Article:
288 F2d 467 Bank of Leipsic Company v. United States
288 F.2d 467
61-1 USTC P 9348
BANK OF LEIPSIC COMPANY, Plaintiff-Appellee,
UNITED STATES of America, Defendant-Appellant.
United States Court of Appeals Sixth Circuit.
April 5, 1961.
Gilbert E. Andrews, Jr., Dept. of Justice, Washington, D.C. (Charles K. Rice, Asst. Atty. Gen., Lee A. Jackson, I. Henry Kutz, Attys., Dept. of Justice, Washington, D.C., and Russell E. Ake, U.S. Atty., Cleveland, Ohio, on the brief), for appellant.
Roger H. Smith, Toledo, Ohio (Eastman, Stichter & Smith, LeRoy E. Eastman, Warren E. Buckey, Toledo, Ohio, on the brief), for appellee.
Before McALLISTER and WEICK, Circuit Judges, and THORNTON, District judge.
WEICK, Circuit Judge.
The action below was brought by the bank to recover income taxes paid for the year 1955 in the amount of $9,459.61 plus statutory interest. The District Court granted the bank's motion for summary judgment without opinion for entered judgment against the Government for the amount claimed. This appeal followed.
The question involved was whether the bank was exempt from the payment of income taxes for 1955 under the provisions of sec. 7507(b) of the Internal Revenue Code of 1954.1
In the previous appeal involving the tax years 1952-1954, we held that the bank was immune under the provisions of said statute and its predecessor from the payment of income and excess profits taxes due for those years on the basis of findings of fact made by the District Judge that the payments to depositors of the insolvent bank would have been reduced by the amount of such taxes. United States v. Bank of Leipsic Co., 6 Cir., 1960, 272 F.2d 341. The facts are sufficiently stated in that opinion except those which pertain to the year 1955 hereafter related.
On December 20, 1954, the bank requested authority from the Superintendent of Banks to pay the balance due on the claims of the depositors in the amount of $38,500. In its letter to the Superintendent, the bank stated:
'In support of this request I am mailing to you a copy of our financial statement as of December 16th, and also a statement of our earnings to date. At the present time we have on our Undivided Profit account $117.246.00. We add to this our earnings for the last half of 1954, which is approximately $20,000.00 and $7,500.00 from the Trustees account, this will make a total of $144,746.00. Now if we deduct the amount of this dividend, $38,500.00, it will leave a balance of $106,246.00 in our Undivided Profit account.'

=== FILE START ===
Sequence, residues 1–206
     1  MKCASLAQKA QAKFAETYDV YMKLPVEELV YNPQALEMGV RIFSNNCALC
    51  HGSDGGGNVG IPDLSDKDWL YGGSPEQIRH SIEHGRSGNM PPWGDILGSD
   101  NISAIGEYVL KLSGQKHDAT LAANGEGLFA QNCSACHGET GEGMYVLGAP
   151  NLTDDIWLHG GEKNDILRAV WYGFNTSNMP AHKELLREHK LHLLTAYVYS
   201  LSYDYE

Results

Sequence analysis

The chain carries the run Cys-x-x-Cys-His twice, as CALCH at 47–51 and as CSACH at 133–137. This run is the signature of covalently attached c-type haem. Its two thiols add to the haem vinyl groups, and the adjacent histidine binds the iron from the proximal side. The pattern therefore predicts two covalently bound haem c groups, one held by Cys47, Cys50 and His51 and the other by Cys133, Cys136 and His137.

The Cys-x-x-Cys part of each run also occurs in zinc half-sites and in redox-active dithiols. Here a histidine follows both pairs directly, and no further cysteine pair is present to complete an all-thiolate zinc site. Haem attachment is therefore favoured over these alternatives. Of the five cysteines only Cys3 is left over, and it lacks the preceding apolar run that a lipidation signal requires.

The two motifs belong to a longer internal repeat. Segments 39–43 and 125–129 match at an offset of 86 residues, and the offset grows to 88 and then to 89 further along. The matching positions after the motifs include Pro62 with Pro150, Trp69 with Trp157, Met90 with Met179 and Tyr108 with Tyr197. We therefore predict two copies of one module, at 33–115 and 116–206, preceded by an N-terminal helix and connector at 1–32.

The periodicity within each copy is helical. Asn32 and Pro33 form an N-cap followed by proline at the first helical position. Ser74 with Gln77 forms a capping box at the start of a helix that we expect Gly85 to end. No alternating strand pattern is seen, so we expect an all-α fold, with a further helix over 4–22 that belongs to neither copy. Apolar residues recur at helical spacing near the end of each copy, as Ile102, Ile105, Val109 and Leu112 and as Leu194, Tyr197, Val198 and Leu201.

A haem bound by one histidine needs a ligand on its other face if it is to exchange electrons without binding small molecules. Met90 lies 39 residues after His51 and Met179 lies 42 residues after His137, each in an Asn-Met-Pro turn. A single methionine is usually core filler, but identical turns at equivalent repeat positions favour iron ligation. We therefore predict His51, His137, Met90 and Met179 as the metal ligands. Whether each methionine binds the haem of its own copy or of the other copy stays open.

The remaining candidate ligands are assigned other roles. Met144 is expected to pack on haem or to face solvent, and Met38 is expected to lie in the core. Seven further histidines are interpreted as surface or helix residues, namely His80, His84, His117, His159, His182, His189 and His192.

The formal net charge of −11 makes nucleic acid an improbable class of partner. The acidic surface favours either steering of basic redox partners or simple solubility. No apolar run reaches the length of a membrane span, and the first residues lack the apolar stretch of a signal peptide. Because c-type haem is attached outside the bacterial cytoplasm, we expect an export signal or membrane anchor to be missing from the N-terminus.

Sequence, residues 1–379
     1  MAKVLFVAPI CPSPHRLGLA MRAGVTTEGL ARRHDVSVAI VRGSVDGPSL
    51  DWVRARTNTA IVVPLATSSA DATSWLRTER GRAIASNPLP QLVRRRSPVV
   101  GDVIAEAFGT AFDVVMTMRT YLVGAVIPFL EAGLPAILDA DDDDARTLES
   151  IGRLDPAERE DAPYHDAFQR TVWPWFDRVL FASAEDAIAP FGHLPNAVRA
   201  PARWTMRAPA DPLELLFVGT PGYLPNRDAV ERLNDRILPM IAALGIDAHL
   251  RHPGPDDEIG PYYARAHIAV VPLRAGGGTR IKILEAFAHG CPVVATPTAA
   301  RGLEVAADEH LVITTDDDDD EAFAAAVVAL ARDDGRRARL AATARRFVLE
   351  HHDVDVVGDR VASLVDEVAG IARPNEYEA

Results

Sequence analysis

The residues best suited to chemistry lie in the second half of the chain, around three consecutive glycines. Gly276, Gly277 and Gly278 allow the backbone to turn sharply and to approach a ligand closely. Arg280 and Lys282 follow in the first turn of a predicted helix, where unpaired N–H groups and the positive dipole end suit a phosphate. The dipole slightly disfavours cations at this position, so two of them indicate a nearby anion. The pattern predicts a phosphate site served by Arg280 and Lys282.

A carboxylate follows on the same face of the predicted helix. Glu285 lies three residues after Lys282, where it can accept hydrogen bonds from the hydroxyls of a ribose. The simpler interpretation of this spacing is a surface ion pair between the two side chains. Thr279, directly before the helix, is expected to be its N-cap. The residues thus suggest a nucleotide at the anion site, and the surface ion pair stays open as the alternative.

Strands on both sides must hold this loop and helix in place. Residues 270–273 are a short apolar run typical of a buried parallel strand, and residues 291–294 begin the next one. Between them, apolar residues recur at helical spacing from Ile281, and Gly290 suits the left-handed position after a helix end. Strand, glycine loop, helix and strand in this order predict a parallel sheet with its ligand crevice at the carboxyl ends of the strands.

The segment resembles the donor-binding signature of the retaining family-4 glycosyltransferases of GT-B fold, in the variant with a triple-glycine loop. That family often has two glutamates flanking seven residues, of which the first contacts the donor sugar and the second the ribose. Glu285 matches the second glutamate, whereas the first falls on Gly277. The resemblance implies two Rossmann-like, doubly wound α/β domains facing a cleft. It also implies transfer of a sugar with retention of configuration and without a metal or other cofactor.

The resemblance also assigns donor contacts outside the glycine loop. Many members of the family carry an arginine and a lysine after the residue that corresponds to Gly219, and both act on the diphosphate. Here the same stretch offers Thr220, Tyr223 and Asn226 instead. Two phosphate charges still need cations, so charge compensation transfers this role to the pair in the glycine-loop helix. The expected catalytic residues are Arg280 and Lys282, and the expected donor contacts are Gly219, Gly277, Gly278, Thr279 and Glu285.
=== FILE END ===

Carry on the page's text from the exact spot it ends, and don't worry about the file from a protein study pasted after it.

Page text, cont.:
On the next day, the bank requested the Superintendent to make the settlement date as early in January of the following year as possible due to the fact that its shareholders meeting was the second Wednesday in January. On January 13th, the bank requested confirmation in writing from the Superintendent to pay the dividend on February 19th. The Superintendent replied under date of January 19, 1955 that he would permit such payment upon advice from the bank that a board of directors had been elected to conform in number to the bank's regulations. The bank gave that advice to the Superintendent on March 24, 1955 and the Superintendent authorized the payment on the following day. The payment was actually made prior to April 1, 1955.
The bank filed its income tax return for the year 1955 showing income taxes due from it in the amount of $9,459.61. It paid the tax in two equal instalments on March 15, 1956 and June 15, 1956. In its income tax return for 1955, the bank made no claim for exemption from the payment of the tax. On October 24, 1957, the bank filed an amended income tax return in which it made the present claim for exemption for the first time. It filed a claim for refund on the ground it was entitled to immunity from tax for the year 1955 under the provisions of the statute above set forth. The claim was denied and the bank filed this action in the District Court.